You can pluck a flower in the middle of a wasteland and, while under the spell of its beauty, almost forget the existence of the ugliness and desolation that surrounds you. Beauty has a power to blur reality and expose imitation; to scramble the intellect and stump the eloquent; to weaken convictions and reform the barbaric. That is the power of beauty. Beauty is ultimately a call to worship because it draws your heart to gratitude in the Creator of all beautiful things.

Of all the things psychologists would grant him the right to fear, David, the man of infinite courage, has but one fear—being apart form the beauty of the Lord. It is his worship that was fearless, not his fight. To have no fear is to have but one fear. And if there’s anything David should fear it is the face of God, the very face that God denied Moses to gaze upon because it would have slain him dead. God is that drop dead gorgeous!

Somewhere Over the Rainbow

God, Intimacy, Love

My friend knew I felt displaced in life—my ambitions and understanding of things suspended by a yoke of uncertainty—and so he asked earnestly, “So now what? What are you planning? What do you desire?”

I bit down on my sandwich and said with a longing, “I just want to be home.”

It was a fine answer for my friend, and it struck him with a nostalgia for his home in Nebraska where friends and family were left behind. It was pleasant to see him dream. They say home is where the heart is, so I almost couldn’t disturb the peace. But I did. And I did so at the risk of being misunderstood as gothic, or worse, suicidal. It is a lonely thing to be misunderstood, which is why I was surprised to have said anything at all.

What I meant was I wanted to be home home, you know, in paradise with my Jesus. You don’t usually hear this kind of talk except from the deathbed, right?

I don’t often ache for heaven, though I do for His presence; lately, the two are one in the same. If I think long and hard enough I am sure to find a reason and rhyme behind this aggression for eternity. Perhaps it is provoked by the fact that most of my closest friends are either in full-time ministry or married (or on the cusp). I kind of assumed by this age God would afford me an intrepid life for the Gospel off doing missionary work in an exotic land to an unreached people group. I would want Him to.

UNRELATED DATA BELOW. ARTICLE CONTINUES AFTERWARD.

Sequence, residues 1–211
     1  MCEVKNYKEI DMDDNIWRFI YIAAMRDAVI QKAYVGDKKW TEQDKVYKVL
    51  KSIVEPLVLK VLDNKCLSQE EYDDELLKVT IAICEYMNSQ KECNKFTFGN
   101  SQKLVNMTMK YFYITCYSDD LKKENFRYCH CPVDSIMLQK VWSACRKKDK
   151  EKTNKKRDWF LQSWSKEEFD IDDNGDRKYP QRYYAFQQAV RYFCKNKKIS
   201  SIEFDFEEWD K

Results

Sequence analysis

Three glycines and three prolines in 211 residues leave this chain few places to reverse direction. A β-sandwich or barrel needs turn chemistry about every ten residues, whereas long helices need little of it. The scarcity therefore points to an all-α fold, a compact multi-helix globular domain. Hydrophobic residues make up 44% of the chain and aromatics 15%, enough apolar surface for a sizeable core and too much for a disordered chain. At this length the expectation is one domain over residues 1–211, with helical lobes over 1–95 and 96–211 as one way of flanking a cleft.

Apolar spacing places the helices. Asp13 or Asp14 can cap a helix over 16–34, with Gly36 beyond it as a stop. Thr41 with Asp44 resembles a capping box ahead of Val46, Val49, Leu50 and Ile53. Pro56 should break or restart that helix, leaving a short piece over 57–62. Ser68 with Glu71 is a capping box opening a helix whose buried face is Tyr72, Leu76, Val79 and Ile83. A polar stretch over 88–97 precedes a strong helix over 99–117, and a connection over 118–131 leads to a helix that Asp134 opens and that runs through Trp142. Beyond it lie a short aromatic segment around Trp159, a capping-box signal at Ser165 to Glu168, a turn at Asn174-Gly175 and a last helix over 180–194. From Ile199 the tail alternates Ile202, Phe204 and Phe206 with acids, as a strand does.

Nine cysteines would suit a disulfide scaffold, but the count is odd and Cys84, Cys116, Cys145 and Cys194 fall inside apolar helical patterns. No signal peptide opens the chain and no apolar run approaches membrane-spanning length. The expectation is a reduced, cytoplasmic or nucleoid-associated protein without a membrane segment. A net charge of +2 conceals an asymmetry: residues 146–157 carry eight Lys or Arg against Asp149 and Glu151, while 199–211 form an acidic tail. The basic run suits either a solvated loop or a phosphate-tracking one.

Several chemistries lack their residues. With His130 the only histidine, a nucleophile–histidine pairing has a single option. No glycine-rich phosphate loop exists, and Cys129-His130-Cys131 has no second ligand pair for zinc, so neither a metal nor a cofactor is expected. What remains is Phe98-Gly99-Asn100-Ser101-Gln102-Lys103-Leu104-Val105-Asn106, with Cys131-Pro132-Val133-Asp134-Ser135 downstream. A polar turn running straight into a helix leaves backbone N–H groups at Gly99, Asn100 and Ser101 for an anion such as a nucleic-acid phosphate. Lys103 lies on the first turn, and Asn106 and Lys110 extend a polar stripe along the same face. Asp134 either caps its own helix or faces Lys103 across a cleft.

I had to backtrack to explain to my friend that what I meant was something inspired out of Philippians 1:23-24 “I am hard pressed between the two. My desire is to depart and be with Christ, for that is far better. But to remain in the flesh is more necessary on your account.”

I cannot completely relate to Paul here since there seems to be an asterisk where the phrase ‘on your account’ is. I am not sure to whom I could or should say that to. Marriage would provide an easy answer in the wife. So would being a pastor in the congregant. I think the absence of an obvious answer allows me to relish in the far better—to depart and be with Christ.

C.S. Lewis once said, “If I find within myself a desire which no experience in this world can satisfy, the most probably explanation is that I was made for another world.” It is an uneasy aching, however. Paul wrote this verse while in prison with execution looming. I am young. There is so much life ahead of me to dwell on the premature. But there is nothing premature about aching for the presence of God. Nor could I say I truly understand the intent of eternity if I did not know the presence of God enough to ache for Him now. It would simply be a jargon of religious plurality for Paul to say I desire to depart…and then leave it open-ended to the imagination of someplace, such as a Nirvana or purgatory.

Every religion offers an afterlife. An afterplace. So does Christianity. However, the central message of the Gospel is not about a destination more so than it is about reconciliation. While on the cross Christ turns to the thief next to him and affirms him, “This day you will be with me in paradise.” Quite simply, the judgment and reward of eternity is not someplace but Someone.

All matter is corruptible, prone to depreciation and boredom. Pleasures fade. Beauty ages. There is nothing spectacular that isn’t susceptible to becoming common. And, if our highest imagination of heaven is materialistic, then our heaven is bastardized: for the luster of emerald studded gates will dull; streets of gold will turn pedestrian; the host of angelic creatures will be a tired zoo; and the mansion on the hill will rot into a den of pointlessness. In light of eternity, how long can any of these things amuse us for? It is like a child watching a balloon slowly deflate alongside his happiness. If the highest pleasures and amusements in the afterlife cannot by nature last for an eternity, eternity will quickly become something hellish. Heaven left to the invention of man is soon enough damned by man’s discontent for the common. The last thing you would want is to ask for all eternity, so now what?

The depravity of man is most profound and absurd in its belief that God merely exists in paradise but is not the Object of it.

The substance of the Gospel is that it offers an imperishable paradise in Someone not something; because God by nature is incorruptible. The glory, majesty, splendor, wonder, and beauty of God can run circles around eternity. He can never become common. Our worship never exhausted. Eternal life is to pursue You the only true God, and Jesus Christ whom you have sent (John 17:3).

It is the joy of my salvation for my heart to ache for the presence of God—to depart and be with Christ, for that is far better. I just want to be Home.